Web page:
The Evangelical Church in Germany (EKD), Germany's main Protestant body, and the main Protestant social-service organization are to contribute 10 million Deutschmarks (US $4.7 million) to a compensation fund launched this week for forced laborers brought to Germany during the Nazi era. In a statement announcing their decision the EKD and Diakonisches Werk admitted that forced laborers had been used in church parishes and diocese institutions, such as church-run hospitals. The compensation fund has been set up by the German government and German businesses after 18 months of negotiations and threats of American lawsuits by victims. About 1.5 million surviving victims will receive between 5000 and 15000 Deutschmarks each from the fund. Dependants will receive nothing. The Roman Catholic Church in Germany has declined to contribute to the fund, and has stated that there is no evidence that forced laborers were used in Catholic institutions. However, a German television station is about to broadcast allegations that forced laborers from Poland and Ukraine were sent to work at a Catholic monastery and a theological seminary, and that prisoners from a concentration camp were forced to work in a church institution. The Nazi regime is believed to have used up to 10 million civilian foreigners and prisoners of war as laborers, many of whom died in appalling conditions. The first forced laborers were brought from Poland soon after the outbreak of the war in 1939. From 1942, forced laborers were shipped in from German-occupied parts of western and eastern Europe, and forced to work in farming, factories and public institutions. In a joint statement issued on 12 July, Manfred Kock, the EKD council president, and Jurgen Gohde, president of Diakonsiches Werk, said: "Forced laborers were used in the Protestant church and its … institutions. We accept this guilt."In one case that has recently come to light, 26 Protestant and two Catholic parishes in Berlin built a work camp in 1943 for at least 100 forced laborers. According to a press release issued by the Evangelical Church in Berlin-Brandenburg, records show that the forced laborers lived and worked in horrific conditions. The names of 47 of the laborers are known."It is sad that parishes systematically used forced laborers to deal with the need for workers caused by the war," Wolfgang Huber, the bishop of Berlin-Brandenburg, told the German Protestant news agency EPD last week. "The church became entangled with the Nazi regime."According to Michael Hausler, a historian working in the archives and library of the Diakonisches Werk agency of the EKD in Berlin, "we do not yet know how may forced laborers worked in German parishes and [church] institutions."He told ENI that the EKD began only last December to investigate whether forced laborers had worked in Protestant parishes and church institutions."We undertook a survey [of parishes and church institutions], but we did not get much useful information," he said, pointing out that Protestant parishes had not kept many records about the use of forced labor. Historians would have to turn instead to town and regional archives, he said. Diakonisches Werk has asked an historian, Harald Jenner, from Hamburg, to investigate the use of forced labor, looking first at the regional churches of North Elbia and Hamburg, in northern Germany. He is expected to publish the results of his research at the end of this month.According to municipal records, the Gustav-Werner-Stiftung, a church foundation in Reutlingen, in southern Germany, which now runs homes for the elderly, employed 80 forced laborers. The biggest Bavarian diocese institution of Neuendettelsau, which ran hospitals during the war, has records showing that forced laborers worked on its farms, although not how many. Apparently 17 forced laborers worked for the Church of the Palatinate from 1943 to 1944. The EKD has also appealed to German industry to contribute generously to the compensation fund. The German state and German industry are each supposed to contribute five million Deutschmarks to the compensation fund, but reluctance by many German firms to contribute to the fund means there is a shortfall of about 2 million Deutschmarks.Klaus-Dieter Kaiser, the EKD official dealing with the laborers issue, told ENI that as the number of forced laborers in church institutions was not known, the EKD's contribution to the fund "does not take into account how many forced laborers" were involved. He stressed that the church donations to the fund were given voluntarily.The contribution was intended to acknowledge "our responsibility as part of society," Kaiser said. "We want not merely plead with German business leaders [to donate] but also to demonstrate that we accept responsibility and are paying up."Kaiser would not speculate on why the Protestant Church had used forced labor. "No documents have been found that explain this," he told ENI.But according to Hausler, it is possible that the church and many Germans did not believe the system of foreign workers was wrong, thinking that it was a normal part of day-to-day life during the war, helping to overcome the labor shortage—a belief that persisted until the 1990s."It is as simple as that: church institutions needed their help [of forced laborers] to continue caring for others," he said.He pointed out that during the war workers could be taken on only through employment offices, which distributed forced laborers both to German industry and to the church and church-related institutions. Among other things, forced laborers worked at cemeteries, farms and hospital kitchens.The German Catholic Bishops' Conference (DBK) has said that it does is not intend to contribute to the compensation fund. Rudolf Hammerschmidt, the DBK's spokesperson, originally said that there were no indications that Catholic institutions had employed forced laborers.However, the television program "Monitor" is apparently about to broadcast allegations that forced laborers from Ukraine and Poland were sent to the Catholic monastery of Ettal in Bavaria and to the theological seminary in Paderborn, and that prisoners from a concentration camp were forced to work at a Catholic institution.Asked about these allegations, Hammerschmidt told ENI: "If it is true that forced laborers worked for our church, the church will face up to this."He said that the DBK was setting up an investigation to look into the allegations, the results of which were likely to be considered at the annual meeting of the German bishops next January.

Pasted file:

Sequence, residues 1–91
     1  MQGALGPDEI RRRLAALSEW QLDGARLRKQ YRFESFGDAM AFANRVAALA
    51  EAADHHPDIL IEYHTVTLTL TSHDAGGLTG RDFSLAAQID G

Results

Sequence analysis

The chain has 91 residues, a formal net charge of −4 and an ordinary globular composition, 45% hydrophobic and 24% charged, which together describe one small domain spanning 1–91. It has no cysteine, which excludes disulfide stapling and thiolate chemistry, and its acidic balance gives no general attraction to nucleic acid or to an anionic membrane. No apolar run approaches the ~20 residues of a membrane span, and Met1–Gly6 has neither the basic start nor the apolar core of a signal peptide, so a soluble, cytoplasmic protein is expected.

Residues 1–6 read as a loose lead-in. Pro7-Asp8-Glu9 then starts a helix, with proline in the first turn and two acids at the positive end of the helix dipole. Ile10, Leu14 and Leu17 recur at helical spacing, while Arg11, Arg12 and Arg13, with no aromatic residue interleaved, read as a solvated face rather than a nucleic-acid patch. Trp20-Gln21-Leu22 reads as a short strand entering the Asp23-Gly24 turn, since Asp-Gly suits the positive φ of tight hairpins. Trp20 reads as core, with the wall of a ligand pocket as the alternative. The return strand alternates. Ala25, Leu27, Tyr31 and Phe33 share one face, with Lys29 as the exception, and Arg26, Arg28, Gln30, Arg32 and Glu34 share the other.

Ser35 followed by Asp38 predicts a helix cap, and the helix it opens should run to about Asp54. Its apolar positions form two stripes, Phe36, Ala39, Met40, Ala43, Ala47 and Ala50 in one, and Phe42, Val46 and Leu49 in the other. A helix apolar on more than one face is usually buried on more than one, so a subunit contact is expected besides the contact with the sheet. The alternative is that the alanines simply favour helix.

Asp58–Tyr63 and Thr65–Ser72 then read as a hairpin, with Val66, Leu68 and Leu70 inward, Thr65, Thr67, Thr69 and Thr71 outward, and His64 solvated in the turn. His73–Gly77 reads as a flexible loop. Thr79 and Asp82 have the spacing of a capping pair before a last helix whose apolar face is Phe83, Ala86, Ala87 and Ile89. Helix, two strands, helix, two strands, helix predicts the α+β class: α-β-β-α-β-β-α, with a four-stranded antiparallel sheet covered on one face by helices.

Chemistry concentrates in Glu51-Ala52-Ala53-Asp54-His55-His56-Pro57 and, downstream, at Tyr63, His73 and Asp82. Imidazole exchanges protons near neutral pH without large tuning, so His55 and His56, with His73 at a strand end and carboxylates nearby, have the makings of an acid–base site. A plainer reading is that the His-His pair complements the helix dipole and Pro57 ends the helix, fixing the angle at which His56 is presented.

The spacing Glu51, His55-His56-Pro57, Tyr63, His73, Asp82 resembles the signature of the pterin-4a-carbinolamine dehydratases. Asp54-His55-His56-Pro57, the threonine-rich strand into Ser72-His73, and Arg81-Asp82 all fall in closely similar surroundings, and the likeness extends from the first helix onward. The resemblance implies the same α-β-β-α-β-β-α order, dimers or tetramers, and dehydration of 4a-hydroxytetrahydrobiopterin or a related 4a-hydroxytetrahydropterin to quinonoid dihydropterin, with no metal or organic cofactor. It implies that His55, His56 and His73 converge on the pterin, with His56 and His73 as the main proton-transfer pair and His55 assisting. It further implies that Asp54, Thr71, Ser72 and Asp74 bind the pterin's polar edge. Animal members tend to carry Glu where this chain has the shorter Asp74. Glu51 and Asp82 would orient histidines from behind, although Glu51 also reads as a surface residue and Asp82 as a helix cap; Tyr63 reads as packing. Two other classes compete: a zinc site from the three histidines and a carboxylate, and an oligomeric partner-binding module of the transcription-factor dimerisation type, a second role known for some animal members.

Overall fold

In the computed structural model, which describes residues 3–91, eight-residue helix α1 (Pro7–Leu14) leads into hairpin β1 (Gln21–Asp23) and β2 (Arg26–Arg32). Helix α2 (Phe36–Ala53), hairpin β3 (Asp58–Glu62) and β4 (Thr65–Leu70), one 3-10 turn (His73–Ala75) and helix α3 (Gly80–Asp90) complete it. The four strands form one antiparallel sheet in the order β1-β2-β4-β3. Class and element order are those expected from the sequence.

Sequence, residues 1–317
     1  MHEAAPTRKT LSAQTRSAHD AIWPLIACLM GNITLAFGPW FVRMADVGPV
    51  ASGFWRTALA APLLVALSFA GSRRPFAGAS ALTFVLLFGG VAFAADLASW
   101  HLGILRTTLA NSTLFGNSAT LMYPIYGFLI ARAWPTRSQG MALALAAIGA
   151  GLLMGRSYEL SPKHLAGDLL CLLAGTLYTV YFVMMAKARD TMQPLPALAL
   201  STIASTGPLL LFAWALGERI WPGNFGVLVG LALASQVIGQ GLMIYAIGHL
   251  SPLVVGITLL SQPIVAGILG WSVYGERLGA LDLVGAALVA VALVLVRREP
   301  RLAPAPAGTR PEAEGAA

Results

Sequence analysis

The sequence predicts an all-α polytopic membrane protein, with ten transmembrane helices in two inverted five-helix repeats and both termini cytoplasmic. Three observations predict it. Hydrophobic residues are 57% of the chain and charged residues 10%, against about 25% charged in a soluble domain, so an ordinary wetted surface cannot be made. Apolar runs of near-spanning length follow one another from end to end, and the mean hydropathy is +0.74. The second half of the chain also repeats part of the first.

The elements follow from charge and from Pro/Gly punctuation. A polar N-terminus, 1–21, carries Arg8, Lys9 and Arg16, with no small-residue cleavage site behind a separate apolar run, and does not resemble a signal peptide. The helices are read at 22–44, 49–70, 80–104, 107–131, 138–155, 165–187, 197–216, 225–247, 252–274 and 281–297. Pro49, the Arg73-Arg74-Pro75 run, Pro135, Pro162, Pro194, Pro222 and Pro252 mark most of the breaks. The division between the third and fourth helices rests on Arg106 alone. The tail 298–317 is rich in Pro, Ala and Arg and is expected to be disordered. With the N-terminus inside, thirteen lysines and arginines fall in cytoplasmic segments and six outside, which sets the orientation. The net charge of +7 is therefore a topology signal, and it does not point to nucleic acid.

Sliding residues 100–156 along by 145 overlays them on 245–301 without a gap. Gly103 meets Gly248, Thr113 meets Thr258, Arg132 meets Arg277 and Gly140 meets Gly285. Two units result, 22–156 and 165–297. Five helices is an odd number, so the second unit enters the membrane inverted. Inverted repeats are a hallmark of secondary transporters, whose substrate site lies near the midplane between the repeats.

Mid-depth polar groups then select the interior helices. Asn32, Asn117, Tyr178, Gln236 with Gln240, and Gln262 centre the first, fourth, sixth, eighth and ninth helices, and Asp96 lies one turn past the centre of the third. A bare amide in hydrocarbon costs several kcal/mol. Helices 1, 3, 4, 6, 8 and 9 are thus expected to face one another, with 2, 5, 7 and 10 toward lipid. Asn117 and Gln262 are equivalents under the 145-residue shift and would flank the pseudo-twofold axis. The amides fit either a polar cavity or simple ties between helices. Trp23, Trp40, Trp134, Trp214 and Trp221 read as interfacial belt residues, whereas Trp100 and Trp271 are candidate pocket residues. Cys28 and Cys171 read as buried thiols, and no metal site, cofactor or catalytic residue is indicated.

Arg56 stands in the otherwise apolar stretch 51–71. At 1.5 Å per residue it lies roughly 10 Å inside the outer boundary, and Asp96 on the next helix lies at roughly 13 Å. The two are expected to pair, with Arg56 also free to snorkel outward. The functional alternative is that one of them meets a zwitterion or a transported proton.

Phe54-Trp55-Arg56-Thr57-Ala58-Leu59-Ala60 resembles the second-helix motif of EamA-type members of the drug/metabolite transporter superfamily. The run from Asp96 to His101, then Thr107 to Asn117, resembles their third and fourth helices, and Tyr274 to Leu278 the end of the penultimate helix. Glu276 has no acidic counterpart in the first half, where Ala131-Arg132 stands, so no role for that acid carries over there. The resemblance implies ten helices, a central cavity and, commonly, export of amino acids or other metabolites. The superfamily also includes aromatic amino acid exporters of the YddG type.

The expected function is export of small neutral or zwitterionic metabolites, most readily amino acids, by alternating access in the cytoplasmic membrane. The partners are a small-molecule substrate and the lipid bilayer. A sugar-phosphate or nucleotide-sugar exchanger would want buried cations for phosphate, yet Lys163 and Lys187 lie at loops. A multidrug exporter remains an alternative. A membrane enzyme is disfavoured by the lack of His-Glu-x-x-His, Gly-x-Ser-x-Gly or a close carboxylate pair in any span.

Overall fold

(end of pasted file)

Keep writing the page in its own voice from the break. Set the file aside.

Copyright © 2000 ENI.Other media coverage of Nazi slave labor compensation includes:Catholics Called to Pay Slave Labor — The Washington Post / Associated Press (July 22, 2000) Lawmakers call on Catholic Church also to pay for Nazi labor compensation — The Boston Globe/ Associated Press (July 22, 2000) German Church admits it used slave labor — The Detroit News (July 13, 2000) A Just Cause — The Atlantic Monthly (February 19, 2000) Vatican Bank Sued by Holocaust Victims — PRWeb (January 20, 2000) U.S. German officials meet Wednesday on Holocaust fund — CNN (September 28, 1999)Although Germany has paid out nearly $90 billion in restitution to survivors of the Nazi regime, none had apparently been directed to slave laborers. To read more about the proposed compensation plan and the estimated 8 to 12 million slaves who worked for the Nazi war machine, visit the ReligiousTolerance.org's page.The International Tracing Service in Arolsen is a German record center that helps Nazi victims win compensation.